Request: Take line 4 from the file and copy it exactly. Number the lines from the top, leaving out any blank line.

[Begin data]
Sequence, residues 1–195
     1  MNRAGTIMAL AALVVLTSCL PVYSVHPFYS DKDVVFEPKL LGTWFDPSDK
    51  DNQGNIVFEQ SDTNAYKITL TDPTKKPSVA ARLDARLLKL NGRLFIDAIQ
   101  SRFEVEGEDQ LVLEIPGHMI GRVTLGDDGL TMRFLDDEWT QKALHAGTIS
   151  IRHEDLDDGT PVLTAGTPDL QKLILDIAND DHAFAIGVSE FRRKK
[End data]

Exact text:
   101  SRFEVEGEDQ LVLEIPGHMI GRVTLGDDGL TMRFLDDEWT QKALHAGTIS